June 30, 2022 · Write a comment · Categories: Musings · Tags:

After waking up to a cloudy morning on Sunday, I deliberated for a few minutes about what kind of image I wanted on my digital art display. I chose a photo from the online library showing a garden path through a window, with flowers blooming on both sides. The shade from a wooded area in the background went well with the ambient light in my house on this overcast day.

Photo of garden path through a window.

Something about this cozy, refreshing view of a garden in bloom reminded me of the illustrations I had used for blog posts about imaginary conversations with my future self Fannie. This image didn’t look at all like the view from Fannie’s futuristic townhouse, however. I came back to look at it again in the afternoon, still not sure what kinds of associations my subconscious mind had made.

“I take it you don’t think of visiting with me as cozy and refreshing? Now I’m feeling slighted.”

The voice in my mind came from Kass, another version of my future self, who—at age 76—was both younger and snarkier than Fannie. Instead of her usual T-shirt with jeans or shorts, Kass was wearing a plain, modest, long-sleeved burgundy dress befitting an elderly lady welcoming a guest for tea and—could that enticing aroma be fresh-baked blueberry scones?

Conversations with Kass could always be counted on to prove interesting, but cozy and refreshing—not so much. I decided to ignore her trolling and greet her as if this really had been a friendly social visit.

“How lovely to see you again, Kass. Your garden looks beautiful. Shall we go for a stroll before tea?”

“Not today. It’s about to start raining, any minute now.” Right on cue, thunder rumbled in the distance.

I turned away from the window and surveyed what looked like a comfortable, old-fashioned parlor. A long oval table of dark wood, with chairs upholstered in forest green, held the tea service and scones. Ornate floor lamps stood sentinel on either side of the room, burning dimly. A parrot in a gilded cage squawked something that sounded like, “In the world!”

Kass poured the tea while I settled into one of the comfortable dining chairs. She had chosen Earl Grey instead of my usual vanilla caramel. I reached for a scone from a generously filled platter.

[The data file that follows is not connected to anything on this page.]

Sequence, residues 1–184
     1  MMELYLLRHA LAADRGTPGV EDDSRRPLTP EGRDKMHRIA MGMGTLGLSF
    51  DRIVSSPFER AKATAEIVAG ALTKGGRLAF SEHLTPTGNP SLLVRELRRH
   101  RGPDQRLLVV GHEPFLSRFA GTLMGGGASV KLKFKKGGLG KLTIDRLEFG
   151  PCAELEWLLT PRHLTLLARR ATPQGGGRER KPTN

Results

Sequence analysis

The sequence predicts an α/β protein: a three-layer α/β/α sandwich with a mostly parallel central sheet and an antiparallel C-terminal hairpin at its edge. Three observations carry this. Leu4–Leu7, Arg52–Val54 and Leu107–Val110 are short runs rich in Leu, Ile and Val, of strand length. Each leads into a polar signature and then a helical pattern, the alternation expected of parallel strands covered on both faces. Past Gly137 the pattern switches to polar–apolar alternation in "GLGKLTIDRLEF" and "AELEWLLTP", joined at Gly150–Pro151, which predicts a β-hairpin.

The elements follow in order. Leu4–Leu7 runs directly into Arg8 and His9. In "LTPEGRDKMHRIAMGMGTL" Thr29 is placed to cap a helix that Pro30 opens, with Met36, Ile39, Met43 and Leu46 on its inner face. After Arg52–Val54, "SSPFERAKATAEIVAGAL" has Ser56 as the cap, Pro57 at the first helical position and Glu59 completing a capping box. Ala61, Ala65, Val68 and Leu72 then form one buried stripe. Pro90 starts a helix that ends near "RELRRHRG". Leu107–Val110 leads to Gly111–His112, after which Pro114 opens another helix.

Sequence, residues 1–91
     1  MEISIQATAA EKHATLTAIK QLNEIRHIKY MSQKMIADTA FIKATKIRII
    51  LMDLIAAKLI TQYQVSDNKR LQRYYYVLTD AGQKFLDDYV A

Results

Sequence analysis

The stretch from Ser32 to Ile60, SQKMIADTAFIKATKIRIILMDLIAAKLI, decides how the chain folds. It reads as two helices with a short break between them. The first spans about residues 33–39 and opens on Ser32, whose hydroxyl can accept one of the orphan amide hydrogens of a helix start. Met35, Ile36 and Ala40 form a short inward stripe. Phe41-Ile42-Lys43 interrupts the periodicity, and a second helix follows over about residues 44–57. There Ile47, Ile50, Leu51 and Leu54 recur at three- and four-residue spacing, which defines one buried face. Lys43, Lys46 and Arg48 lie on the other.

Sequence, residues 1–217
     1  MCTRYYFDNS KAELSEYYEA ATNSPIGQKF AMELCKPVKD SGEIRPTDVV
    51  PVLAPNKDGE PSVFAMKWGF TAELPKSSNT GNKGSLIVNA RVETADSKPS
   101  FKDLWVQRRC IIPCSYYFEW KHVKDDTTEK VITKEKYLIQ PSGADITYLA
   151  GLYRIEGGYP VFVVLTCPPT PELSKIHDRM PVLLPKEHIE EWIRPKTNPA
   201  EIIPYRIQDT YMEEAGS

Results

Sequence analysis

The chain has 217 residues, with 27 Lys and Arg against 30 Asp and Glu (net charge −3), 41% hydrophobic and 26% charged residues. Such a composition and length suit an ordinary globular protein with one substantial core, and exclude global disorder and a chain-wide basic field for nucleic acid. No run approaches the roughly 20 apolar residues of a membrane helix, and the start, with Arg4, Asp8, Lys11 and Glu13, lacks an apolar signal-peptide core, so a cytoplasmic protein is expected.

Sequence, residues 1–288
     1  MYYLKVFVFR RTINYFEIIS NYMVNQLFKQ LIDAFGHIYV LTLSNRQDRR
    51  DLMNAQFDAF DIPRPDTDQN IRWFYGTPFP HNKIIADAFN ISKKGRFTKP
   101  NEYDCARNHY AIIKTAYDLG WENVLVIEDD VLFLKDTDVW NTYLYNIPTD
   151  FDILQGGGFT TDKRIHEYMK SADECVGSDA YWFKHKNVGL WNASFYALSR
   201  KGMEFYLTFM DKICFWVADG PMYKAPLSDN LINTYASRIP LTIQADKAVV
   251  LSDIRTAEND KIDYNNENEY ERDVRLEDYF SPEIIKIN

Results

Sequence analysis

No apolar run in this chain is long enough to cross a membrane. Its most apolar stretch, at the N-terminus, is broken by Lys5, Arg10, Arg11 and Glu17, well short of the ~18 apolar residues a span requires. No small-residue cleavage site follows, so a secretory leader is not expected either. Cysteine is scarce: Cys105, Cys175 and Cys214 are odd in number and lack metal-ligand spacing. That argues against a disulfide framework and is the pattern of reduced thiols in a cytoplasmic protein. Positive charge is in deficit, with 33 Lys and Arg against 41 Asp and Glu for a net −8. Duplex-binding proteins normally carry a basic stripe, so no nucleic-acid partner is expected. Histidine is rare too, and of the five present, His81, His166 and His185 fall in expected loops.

“You know, I never meant that you couldn’t do cozy,” I said, as Kass took a seat across from me. “It’s just that whenever you show up, except for now, you’re always outdoors and doing something active.”

Rain spattered on the window, and lightning flashed.

“Maybe you should think about why you see me that way,” Kass suggested.

“Just because I’ve spent more time working on my fitness, probably. I haven’t had as many cozy afternoons.” I took a bite of my scone, which, in all fairness, was delicious. “And this scenario is a bit of a stereotype, wouldn’t you say? A little old lady sitting quietly in the parlor, looking out the window at her flower garden and waiting for a guest to arrive. The only thing it needs is a cat, or several.”

“Herbert would be very unhappy if I had a cat.” Kass gestured toward the parrot. “He would much prefer that there be no cats anywhere in the world.”

Bobbing his head and echoing, “In the world,” the parrot hopped from one wooden bar to another in the cage. He kept looking at the scone that Kass had put on her plate, evidently hoping for a treat.

“Let’s unpack some of those assumptions,” Kass continued, leaving her scone untouched for now. “Why do you feel that coziness has to be such a major production that it can’t fit into an active life?”

I pondered that question as thunder sounded, not far away. Meanwhile, in real life, the sky had brightened a little, and I had finished my tea (vanilla caramel, with a healthy whole-wheat muffin). Putting this post aside for the time being, I decided that I’d write the rest of it later when I came up with a good answer.

Kass showed up again on Thursday, while I was standing in the kitchen.

“So, have you thought of anything more to say about coziness? Not to nag, but the storm outside my window has blown over, and your tea and scones have gotten cold.”

“No, I’ve been too busy with work and rowing,” I admitted. “And that, of course, is the problem. Cozy afternoons and rushing from one activity to another just don’t go together. I wouldn’t really say that coziness has to be a major production, but it does need a reasonable amount of unscheduled time.”

“Do you need to rush off and do anything right now?”

“Well, sort of. This is a regular workday, and I am on the clock. I just came into the kitchen for a minute to get some water.”

Kass tilted her head slightly. “Tell me what you see.”

I followed her gaze, wondering what she was up to. “Not much. Sunlight coming through the blinds.”

“Stand in it for a moment, and just breathe.”

Feeling a bit silly, I took a step to the side. The sun-warmed linoleum felt comfortable under my feet. I took a deep breath and let it out again just as slowly.

“There, doesn’t that feel better?” Kass smiled encouragingly. “I don’t disagree that rushing, when you do it all the time, is indeed a problem—but coziness can be found in small moments.”

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